The Anti-Corruption Unit (ACU) has refused to supervise the upcoming exam for new judges organized by the Royal Academy for Judicial Professions (RAJP), claiming that the RAJP “lacks the will” to work with them on fighting against widespread judicial corruption.
This follows a report this summer released by an international bar association which claimed Cambodia’s judicial system lacked political independence and had some of the most corrupt and malfeasant judges in the world.
In his letter addressed to the RAJP, Om Yentieng, the ACU president, said:
“The ACU has declined to participate as observers in the 7th exam to recruit judges, organized by RAJP. The reason is that RAJP lacks the will to really cooperate with the ACU in terms of fighting corruption.”
Chin Malin, spokesman for the Ministry of Justice, told Khmer Times:
“It would be a mistake or a misunderstanding that the ACU said the RAJP is lacking the will to cooperate with them to fight against corruption.
“To solve this problem, our Ministry will set up a joint committee to talk with the ACU in order to find out the misunderstanding between them. We will address the difference between the RAJP and the ACU to make cooperation smoother in the future,” added Mr. Malin.
According to Mr. Malin, the Ministry of Justice has closely cooperated with the ACU to fight against fraud, with the ministry handling the trials and the ACU tackling the investigations themselves.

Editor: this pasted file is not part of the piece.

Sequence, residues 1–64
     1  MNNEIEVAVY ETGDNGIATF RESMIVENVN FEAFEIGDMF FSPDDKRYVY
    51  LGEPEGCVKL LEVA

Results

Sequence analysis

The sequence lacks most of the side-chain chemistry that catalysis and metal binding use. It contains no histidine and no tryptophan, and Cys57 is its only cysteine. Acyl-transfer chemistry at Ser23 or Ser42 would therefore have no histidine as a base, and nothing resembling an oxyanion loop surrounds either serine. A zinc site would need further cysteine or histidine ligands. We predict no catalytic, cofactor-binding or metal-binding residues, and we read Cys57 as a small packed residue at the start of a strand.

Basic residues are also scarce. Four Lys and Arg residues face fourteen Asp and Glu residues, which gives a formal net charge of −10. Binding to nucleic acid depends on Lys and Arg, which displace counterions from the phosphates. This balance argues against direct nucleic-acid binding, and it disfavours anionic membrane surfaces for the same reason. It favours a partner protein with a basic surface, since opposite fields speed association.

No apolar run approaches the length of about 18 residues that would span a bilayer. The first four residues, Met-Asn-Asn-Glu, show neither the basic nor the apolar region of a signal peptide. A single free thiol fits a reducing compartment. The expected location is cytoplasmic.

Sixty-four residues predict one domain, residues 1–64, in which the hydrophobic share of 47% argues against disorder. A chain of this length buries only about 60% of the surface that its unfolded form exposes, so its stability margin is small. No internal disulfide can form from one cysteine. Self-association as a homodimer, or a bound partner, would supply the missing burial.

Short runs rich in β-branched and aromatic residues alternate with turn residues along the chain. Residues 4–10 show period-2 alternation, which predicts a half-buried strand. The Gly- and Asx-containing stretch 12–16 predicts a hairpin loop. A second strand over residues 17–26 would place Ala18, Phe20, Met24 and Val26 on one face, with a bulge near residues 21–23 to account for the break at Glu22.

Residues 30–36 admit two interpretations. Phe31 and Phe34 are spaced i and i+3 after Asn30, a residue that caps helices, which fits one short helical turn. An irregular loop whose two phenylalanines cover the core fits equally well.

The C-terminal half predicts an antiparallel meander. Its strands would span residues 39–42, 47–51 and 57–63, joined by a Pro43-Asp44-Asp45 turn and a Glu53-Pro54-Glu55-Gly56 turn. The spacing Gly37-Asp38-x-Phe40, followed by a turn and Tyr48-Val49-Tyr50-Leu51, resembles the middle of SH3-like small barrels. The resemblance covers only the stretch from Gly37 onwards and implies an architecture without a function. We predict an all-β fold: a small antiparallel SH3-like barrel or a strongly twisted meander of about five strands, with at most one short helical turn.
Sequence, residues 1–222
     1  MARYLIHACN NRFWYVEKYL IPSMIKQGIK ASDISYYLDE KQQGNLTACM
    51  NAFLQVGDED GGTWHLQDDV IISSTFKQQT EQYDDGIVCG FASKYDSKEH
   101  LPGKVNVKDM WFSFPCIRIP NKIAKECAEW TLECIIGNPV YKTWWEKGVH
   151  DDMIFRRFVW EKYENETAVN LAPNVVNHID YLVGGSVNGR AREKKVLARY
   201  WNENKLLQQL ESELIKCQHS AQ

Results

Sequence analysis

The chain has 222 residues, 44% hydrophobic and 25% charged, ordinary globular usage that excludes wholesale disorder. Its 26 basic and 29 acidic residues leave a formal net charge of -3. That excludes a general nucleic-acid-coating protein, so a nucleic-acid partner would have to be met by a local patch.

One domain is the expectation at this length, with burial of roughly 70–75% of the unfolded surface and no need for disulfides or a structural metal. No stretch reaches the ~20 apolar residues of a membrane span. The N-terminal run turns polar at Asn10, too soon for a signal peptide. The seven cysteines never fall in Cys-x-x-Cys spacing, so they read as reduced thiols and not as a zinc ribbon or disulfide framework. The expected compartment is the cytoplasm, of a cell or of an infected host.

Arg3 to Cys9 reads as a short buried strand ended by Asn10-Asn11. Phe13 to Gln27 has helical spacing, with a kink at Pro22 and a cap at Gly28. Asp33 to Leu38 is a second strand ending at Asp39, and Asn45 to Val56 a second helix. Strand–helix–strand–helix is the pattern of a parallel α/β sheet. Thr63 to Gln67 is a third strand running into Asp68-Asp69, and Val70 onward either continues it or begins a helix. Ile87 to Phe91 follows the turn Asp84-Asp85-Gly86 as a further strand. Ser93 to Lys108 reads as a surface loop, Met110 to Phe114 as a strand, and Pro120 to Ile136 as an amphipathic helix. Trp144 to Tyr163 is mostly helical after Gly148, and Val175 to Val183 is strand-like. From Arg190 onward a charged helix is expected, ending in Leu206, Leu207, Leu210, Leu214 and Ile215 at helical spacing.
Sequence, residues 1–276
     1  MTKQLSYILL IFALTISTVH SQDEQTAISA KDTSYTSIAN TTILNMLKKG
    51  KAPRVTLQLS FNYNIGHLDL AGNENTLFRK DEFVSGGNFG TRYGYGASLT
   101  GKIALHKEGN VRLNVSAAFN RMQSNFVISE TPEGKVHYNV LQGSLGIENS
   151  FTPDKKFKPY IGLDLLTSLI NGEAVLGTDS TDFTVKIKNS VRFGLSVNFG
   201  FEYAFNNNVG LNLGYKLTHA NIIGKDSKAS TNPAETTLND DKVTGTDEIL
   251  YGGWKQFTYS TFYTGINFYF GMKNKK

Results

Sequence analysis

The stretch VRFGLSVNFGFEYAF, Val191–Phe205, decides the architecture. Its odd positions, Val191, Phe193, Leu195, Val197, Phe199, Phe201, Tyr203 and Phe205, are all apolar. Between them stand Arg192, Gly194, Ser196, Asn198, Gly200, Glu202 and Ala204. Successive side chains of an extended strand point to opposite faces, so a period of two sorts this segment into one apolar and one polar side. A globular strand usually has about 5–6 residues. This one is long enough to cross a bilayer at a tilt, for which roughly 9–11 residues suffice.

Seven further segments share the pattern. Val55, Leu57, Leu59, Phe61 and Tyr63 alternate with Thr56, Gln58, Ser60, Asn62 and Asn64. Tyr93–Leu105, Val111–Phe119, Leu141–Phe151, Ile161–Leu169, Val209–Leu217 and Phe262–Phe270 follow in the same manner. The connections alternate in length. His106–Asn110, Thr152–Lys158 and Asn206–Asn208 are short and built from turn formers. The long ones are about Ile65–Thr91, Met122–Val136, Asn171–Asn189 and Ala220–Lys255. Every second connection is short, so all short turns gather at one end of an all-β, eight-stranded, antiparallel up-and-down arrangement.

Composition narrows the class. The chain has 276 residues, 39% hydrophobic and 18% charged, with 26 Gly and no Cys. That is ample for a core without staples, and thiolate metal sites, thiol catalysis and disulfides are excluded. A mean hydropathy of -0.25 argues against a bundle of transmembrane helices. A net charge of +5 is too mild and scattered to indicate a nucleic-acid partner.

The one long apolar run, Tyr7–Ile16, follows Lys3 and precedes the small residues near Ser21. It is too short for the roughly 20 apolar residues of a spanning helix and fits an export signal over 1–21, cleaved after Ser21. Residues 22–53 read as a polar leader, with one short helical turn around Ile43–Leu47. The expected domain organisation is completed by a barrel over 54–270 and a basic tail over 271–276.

Preap Kol, executive director of Transparency International, an NGO whose main task is to fight corruption, told Khmer Times that if the government wanted to fairly recruit capable future judges and prevent corruption from happening, it should increase salaries for all court staff, including judges, prosecutors and clerks.
“They should also publish and implement a clear and transparent mechanism for the recruitment and appointment of judicial officials,” he added. “Also [it should] ensure that judges are objectively recruited through an independent appointment body. This will ensure that the highest quality candidates are selected and that they do not feel indebted to the particular politicians or senior judge who appointed them.”